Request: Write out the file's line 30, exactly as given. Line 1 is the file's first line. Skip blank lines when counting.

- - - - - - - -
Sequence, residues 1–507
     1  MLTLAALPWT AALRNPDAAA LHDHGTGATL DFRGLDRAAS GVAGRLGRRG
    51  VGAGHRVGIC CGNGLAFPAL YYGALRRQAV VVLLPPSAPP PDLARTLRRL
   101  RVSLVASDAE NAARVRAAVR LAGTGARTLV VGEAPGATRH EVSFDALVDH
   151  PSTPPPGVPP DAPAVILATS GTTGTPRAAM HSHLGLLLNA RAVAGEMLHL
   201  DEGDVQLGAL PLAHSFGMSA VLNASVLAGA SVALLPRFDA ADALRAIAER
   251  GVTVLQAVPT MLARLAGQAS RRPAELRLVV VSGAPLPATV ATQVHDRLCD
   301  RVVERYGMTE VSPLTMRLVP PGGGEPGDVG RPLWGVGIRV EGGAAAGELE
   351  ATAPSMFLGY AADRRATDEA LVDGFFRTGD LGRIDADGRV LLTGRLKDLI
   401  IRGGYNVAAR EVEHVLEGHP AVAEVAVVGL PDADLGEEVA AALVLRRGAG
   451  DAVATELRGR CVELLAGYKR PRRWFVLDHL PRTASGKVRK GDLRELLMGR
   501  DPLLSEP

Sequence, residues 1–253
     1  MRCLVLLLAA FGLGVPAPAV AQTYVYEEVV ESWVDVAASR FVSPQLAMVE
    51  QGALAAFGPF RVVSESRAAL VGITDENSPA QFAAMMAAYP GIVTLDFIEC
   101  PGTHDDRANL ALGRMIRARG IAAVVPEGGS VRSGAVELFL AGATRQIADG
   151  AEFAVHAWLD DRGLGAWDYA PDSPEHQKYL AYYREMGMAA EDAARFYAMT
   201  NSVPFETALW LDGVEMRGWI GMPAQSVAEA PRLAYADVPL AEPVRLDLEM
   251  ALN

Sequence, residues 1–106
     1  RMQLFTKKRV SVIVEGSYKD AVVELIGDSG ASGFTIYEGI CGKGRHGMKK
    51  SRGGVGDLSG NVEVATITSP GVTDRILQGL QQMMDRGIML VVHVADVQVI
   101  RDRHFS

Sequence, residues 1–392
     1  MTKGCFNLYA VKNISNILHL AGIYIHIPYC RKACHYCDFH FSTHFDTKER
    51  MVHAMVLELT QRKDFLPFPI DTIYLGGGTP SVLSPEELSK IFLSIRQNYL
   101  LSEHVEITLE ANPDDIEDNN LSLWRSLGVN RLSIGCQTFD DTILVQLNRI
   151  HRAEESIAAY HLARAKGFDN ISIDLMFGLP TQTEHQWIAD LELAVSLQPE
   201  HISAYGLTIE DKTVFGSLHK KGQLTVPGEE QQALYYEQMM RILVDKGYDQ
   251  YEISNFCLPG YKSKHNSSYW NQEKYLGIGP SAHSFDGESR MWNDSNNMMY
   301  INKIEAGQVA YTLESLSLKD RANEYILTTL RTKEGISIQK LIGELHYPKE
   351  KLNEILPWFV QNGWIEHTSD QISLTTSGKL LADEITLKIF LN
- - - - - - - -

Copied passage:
   251  YEISNFCLPG YKSKHNSSYW NQEKYLGIGP SAHSFDGESR MWNDSNNMMY